Battling free radicals: The jury is still out on antioxidant supplements
Story by Jamie Lampros
(Standard-Examiner correspondent)
Mon, Jun 3, 2013
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Antioxidants seem to be in everything these days. Just walk down the aisle in your local grocery store, and you’ll see the shelves lined with products boasting they contain antioxidants.

But how safe are they? Should we be loading up on them? Are antioxidants the same as vitamins?

Antioxidants are substances that may protect your cells against the effects of free radicals, according to McKay-Dee Hospital registered dietitian Grant Cefalo. Free radicals are molecules produced when your body breaks down food, or by environmental exposures like tobacco smoke and radiation.

Free radicals can damage cells, and may play a role in heart disease, cancer and other diseases. Well-known antioxidants include vitamins A, C and E; beta-carotene; selenium; lycopene and lutein.

According to Consumer Reports on Health, there are thousands of antioxidants, but only a few of them are vitamins. Some are minerals; others are enzymes. Foods rich in antioxidants include fruit, vegetables, whole grains, tea, chocolate and red wine.

“Technically, they’re substances that prevent oxidation. A cut apple that browns is an example of oxidation,” said Jennifer James, an outpatient dietitian at Ogden Regional Medical Center. “Aging, cancer, heart disease, Alzheimer’s, cataracts are all thought to be caused in part by free radicals that are not neutralized. The antioxidants neutralize these free radicals.”

Our bodies also make some antioxidants, James said.

More is not better?

Some research shows that taking large amounts of antioxidant supplements can actually be harmful.

“A very famous study out of Finland that studied smokers who took beta-carotene found that those who took large amounts of antioxidants actually developed more lung cancer,” James said. “A similar study funded by the National Cancer Institute yielded similar results with smokers, former smokers and those exposed to asbestos. There’s still a lot we don’t know.”

The National Center for Complementary and Alternative Medicine warns that high-dose antioxidant supplements can also interact with certain medications. For example, vitamin E supplements may increase the risk of bleeding in people who are taking blood thinners.

High use of vitamin E supplements have also been linked to increased risks of hemorrhagic stroke and prostate cancer.

Good free radicals

So far, James said, no research has proved that taking antioxidant supplements reduces disease risk.

“Free radicals may have healthy purposes in our bodies, too, such as destroying bacteria or improving insulin resistance from exercise, according to some researchers,” James said. “Taking boatloads of an antioxidant may interfere with free radicals’ good aspects.”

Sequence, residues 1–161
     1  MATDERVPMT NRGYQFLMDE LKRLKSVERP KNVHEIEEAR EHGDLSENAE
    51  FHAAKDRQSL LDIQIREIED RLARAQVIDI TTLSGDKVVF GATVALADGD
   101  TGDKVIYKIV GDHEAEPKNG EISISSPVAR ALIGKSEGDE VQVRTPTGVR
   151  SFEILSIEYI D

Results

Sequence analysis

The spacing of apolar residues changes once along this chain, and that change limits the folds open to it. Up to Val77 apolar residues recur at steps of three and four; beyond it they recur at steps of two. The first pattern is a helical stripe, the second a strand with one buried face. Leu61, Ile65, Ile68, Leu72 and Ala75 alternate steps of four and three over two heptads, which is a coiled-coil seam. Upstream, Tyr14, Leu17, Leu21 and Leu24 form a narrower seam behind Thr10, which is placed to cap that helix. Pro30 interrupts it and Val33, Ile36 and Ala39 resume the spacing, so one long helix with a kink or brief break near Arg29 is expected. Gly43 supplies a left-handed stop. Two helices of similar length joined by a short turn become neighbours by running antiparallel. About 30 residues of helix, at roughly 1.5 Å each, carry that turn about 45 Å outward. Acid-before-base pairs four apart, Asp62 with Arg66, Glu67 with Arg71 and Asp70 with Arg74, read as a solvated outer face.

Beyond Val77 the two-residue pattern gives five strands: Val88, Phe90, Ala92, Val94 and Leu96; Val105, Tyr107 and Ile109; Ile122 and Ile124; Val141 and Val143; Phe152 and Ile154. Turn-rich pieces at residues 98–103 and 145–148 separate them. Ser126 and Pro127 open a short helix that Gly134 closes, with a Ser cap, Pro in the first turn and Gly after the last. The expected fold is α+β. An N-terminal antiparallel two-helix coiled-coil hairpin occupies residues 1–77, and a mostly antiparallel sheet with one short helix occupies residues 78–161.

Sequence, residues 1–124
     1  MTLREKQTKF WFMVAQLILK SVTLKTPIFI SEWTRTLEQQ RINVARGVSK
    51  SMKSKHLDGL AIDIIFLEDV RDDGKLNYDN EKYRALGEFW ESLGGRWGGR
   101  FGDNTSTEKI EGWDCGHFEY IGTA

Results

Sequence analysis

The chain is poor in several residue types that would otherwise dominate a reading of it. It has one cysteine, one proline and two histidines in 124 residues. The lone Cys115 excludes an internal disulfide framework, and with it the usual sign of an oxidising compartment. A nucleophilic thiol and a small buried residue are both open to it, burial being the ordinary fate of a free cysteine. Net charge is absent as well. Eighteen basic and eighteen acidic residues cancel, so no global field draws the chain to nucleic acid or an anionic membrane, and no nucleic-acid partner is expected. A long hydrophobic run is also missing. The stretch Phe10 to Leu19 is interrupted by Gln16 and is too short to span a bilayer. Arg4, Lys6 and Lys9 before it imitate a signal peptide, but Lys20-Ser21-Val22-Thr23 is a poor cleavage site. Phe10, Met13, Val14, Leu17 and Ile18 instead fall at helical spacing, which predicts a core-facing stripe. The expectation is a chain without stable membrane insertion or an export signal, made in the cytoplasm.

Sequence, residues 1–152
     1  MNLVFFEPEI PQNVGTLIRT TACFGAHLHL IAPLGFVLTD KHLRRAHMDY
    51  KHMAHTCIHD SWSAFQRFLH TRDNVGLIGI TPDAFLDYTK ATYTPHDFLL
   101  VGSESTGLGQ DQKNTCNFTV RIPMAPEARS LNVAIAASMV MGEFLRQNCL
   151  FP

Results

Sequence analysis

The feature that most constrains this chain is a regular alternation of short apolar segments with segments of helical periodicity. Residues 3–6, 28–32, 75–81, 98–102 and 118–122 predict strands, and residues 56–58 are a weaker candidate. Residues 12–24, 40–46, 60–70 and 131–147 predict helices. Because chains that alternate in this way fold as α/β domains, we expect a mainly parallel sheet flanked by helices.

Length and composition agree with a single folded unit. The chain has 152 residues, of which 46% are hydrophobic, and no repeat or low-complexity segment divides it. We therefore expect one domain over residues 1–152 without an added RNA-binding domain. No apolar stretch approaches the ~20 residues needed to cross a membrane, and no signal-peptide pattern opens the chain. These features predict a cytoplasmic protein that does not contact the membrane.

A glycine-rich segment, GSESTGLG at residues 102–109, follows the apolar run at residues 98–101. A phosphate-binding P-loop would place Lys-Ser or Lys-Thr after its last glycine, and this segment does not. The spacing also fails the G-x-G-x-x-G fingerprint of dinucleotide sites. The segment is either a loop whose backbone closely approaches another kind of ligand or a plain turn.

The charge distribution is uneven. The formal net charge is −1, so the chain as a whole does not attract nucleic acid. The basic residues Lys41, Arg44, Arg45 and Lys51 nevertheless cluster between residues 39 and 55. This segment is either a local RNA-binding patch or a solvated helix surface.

Consumer Reports on Health also reports that antioxidant claims on packaged food don’t always mean a health benefit. Some food manufacturers add an antioxidant and then label the product as containing antioxidants in the hopes of boosting sales.

“Unfortunately, ‘antioxidant’ is a very loosely used term,” said Joy Dubost, a nutritionist for the Academy of Nutrition and Dietetics. “Outside the lab, it has become more of a marketing term than a scientific term.”

Food sources best

In addition, said McKay-Dee Hospital registered dietitian Beth Ann Smith, keep in mind that supplements are not approved by the Food and Drug Administration.

“Whole foods are always best, especially to get a mix of antioxidants, not just one specific antioxidant,” she said. “When you start isolating these compounds and take them, let’s say, in pill form, they may have the opposite effect. The strength of evidence is quite limited for supplements.”

Plus, not all antioxidants are created equal.

Different antioxidants fight different free radicals. For example, James said, vitamin C will fight free radicals in body fluids, but not in fat tissue. Vitamin E works in fat tissue. So it’s a good idea to eat a wide variety of foods to benefit from all of the antioxidants available.

Instead of amping up your intake with supplements, McKay-Dee Hospital registered dietitian Sherrie Calles said, it’s best to follow the advice of the Dietary Guidelines for Americans.

“Consume a wide variety of whole plant foods in your diet, especially fruits, vegetables, nuts, seeds and unsaturated oils,” she said. “All of the ingredients that make up this variety of foods work together to promote health. There is no question that we need to eat a higher quantity and diversity of foods that are high in antioxidants. They all contain different substances and they all contribute to good health.”

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